Susan Mollohan first noticed a tremor in her hand while at work as the Dean of Students at a high school in New Hampshire. After about four to six months of living with the tremor, the high school nurse, a friend of Susanís, suggested she see a neurologist. Soon after her diagnosis with Parkinsonís disease (PD) in March 2009, Susan soon began taking advantage of opportunities to learn more about her diagnosis, and ultimately, do something about it.
At an educational seminar at Boston University about Parkinsonís disease, Susan learned about an observational clinical trial studying the impact of exercise on PD progression that needed volunteers. ďI was motivated to participate so that researchers could publish information about the benefits of exercise for other people with PD,Ē says Susan, an avid skier and yoga devotee.
The study at Boston University lasted two years and required participants to come in for two visits each year. Participants were asked about their exercise routine, including type and frequency, and then underwent general physical assessments of their pace, balance, etc. ďParticipating in this trial gave me an improved outlook and attitude about my diagnosis,Ē says Susan. ďPeople need to take control of their health questions and get out there to find answers. We have to advocate for ourselves and not give in to the diagnosis.Ē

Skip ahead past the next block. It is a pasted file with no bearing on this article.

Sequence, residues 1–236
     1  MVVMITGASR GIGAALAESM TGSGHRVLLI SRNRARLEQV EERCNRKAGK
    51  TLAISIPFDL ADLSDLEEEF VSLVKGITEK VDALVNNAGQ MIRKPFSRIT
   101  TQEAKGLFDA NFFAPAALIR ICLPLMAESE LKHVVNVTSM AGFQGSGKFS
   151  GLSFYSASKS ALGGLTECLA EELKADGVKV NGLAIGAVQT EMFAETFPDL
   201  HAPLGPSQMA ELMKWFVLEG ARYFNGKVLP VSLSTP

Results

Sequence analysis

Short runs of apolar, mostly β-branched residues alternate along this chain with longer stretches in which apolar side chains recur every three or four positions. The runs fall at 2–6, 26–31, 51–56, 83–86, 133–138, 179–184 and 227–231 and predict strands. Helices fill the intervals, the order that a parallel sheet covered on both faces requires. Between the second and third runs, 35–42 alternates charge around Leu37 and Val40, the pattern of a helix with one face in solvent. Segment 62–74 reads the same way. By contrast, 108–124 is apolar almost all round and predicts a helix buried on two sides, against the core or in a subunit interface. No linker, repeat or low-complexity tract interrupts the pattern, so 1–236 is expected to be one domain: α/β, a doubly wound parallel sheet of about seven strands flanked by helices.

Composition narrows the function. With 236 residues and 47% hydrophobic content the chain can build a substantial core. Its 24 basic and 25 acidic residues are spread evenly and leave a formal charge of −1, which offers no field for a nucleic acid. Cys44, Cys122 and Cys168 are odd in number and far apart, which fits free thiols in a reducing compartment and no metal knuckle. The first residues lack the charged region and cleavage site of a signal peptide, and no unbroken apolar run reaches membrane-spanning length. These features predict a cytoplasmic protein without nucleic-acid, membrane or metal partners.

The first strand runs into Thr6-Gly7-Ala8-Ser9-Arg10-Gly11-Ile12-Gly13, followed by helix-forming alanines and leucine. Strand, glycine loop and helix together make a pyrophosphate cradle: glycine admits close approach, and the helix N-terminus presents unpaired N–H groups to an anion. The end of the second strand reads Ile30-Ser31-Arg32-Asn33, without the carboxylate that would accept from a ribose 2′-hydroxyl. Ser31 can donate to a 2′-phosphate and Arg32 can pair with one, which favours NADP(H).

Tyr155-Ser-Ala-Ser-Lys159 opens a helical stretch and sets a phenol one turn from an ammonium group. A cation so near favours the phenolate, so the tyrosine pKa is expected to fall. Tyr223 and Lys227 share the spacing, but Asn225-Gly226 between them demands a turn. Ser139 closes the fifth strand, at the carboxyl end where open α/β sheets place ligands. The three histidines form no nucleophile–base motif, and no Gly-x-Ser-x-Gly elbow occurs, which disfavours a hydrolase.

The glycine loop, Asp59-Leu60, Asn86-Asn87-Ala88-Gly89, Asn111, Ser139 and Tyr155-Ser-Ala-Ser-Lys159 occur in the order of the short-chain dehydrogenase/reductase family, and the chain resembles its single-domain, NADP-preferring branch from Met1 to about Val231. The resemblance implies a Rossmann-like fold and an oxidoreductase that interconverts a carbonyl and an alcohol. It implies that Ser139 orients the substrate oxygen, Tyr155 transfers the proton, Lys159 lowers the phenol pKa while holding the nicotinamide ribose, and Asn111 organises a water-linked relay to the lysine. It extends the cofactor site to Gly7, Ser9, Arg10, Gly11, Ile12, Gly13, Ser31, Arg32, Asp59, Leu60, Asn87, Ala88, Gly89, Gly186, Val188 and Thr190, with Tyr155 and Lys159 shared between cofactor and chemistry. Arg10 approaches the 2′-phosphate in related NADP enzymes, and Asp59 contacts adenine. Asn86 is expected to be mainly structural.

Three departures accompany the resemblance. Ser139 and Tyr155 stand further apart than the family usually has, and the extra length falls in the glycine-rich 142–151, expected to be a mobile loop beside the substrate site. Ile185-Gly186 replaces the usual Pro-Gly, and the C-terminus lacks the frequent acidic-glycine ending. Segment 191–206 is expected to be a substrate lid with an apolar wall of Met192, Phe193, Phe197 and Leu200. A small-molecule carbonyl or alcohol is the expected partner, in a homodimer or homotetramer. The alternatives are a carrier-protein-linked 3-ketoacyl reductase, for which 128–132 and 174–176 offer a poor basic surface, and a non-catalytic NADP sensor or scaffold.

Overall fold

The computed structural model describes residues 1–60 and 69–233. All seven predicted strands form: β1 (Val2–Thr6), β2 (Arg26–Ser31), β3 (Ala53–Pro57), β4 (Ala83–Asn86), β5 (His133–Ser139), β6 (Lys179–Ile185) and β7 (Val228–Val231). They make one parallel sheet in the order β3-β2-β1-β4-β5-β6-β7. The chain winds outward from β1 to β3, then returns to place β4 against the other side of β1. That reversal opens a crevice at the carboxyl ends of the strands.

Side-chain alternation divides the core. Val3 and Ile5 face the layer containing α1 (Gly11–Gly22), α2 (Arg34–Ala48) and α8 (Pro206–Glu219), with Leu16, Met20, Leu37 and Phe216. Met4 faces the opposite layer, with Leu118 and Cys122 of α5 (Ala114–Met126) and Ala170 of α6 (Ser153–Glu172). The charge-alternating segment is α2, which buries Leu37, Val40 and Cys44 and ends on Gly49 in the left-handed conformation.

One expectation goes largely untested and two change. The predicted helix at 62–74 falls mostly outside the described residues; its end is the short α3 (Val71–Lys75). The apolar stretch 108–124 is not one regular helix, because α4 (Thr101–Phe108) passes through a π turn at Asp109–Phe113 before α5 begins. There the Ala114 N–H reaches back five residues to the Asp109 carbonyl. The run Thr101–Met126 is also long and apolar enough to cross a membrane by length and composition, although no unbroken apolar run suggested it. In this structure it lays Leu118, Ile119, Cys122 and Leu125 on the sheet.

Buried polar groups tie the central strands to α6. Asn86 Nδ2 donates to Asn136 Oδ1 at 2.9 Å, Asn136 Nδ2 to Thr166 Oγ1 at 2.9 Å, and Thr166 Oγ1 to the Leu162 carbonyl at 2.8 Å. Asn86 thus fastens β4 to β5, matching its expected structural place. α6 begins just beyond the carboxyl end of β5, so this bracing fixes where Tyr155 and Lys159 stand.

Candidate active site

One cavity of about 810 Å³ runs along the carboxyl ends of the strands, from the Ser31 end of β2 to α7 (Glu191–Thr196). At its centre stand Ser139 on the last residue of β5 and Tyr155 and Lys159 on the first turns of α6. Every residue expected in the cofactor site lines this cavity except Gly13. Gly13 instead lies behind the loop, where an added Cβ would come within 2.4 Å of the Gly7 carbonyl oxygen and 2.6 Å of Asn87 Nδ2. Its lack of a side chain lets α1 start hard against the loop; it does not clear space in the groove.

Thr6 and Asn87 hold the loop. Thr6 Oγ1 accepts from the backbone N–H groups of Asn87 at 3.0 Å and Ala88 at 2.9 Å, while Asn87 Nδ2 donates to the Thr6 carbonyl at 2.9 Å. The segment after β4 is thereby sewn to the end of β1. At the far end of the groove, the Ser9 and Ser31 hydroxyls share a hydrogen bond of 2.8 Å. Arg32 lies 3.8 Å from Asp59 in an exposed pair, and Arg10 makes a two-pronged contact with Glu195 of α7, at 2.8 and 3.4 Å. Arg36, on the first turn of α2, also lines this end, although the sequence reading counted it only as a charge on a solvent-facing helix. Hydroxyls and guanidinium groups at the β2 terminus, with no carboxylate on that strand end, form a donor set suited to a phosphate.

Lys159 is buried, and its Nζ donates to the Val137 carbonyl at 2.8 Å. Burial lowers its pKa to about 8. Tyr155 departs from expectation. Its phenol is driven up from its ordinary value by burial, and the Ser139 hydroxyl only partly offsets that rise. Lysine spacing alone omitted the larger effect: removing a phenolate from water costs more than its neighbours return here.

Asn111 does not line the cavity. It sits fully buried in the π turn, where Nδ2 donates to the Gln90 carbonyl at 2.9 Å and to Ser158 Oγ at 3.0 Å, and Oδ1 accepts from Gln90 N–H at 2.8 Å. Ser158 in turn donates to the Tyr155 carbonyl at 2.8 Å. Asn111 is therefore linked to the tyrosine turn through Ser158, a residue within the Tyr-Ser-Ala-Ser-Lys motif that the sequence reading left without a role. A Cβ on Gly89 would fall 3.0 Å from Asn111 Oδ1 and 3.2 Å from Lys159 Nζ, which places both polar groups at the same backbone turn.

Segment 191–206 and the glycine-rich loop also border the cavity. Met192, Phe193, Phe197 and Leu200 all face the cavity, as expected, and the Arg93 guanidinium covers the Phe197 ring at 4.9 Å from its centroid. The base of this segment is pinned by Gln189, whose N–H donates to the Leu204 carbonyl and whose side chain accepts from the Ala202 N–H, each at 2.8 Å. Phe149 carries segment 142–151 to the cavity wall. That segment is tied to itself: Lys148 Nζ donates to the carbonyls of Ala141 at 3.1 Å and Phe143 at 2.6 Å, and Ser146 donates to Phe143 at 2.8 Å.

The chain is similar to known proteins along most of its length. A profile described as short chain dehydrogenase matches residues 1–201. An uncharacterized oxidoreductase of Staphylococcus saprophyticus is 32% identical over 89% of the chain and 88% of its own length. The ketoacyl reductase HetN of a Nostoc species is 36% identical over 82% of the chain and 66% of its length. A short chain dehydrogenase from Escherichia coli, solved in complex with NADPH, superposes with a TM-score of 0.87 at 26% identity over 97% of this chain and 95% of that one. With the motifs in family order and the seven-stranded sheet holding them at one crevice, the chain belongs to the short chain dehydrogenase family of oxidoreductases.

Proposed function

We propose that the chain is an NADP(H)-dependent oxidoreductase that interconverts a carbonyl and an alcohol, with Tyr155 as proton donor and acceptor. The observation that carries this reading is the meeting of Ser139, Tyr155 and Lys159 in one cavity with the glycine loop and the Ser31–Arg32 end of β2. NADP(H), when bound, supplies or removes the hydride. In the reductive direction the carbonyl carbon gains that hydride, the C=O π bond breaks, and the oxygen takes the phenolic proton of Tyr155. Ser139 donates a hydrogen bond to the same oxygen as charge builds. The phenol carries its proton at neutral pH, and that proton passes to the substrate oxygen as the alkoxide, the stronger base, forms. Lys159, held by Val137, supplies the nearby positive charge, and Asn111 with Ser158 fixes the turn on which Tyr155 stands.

Since the completion of the study, Susan says sheís willing to participate in another trial has registered as a volunteer on Fox Trial Finder, MJFFís online clinical trials matching tool. She participates in yoga more now than before her diagnosis and has even written a book about the positive effects of yoga on her Parkinsonís symptoms titled My Story. Susan also fundraises for Team Fox and this year she and her husband Steven will participate for the fifth time in the annual New England Parkinsonís Ride benefitting The Michael J. Fox Foundation. This year at the ride sheíll have her book in tow, selling it for $20 donations to Parkinsonís research, and will pedal 50 miles with her team, Suzyís Shakers.
Sheís certainly shaking things up: Susan says her goal is to put a face to Parkinsonís disease. Recalling an anatomy class she visited while working at the high school, she says, ďTwo girls happened to be giving a presentation about PD. They used a picture of a hunched over, elderly man. I told them, ĎThatís not the face of ParkinsonísÖthis is.íĒ
You can be part of the answer to Parkinsonís disease. Sign up today for Fox Trial Finder to learn about ongoing clinical trials in your area and get involved in the pursuit of a cure.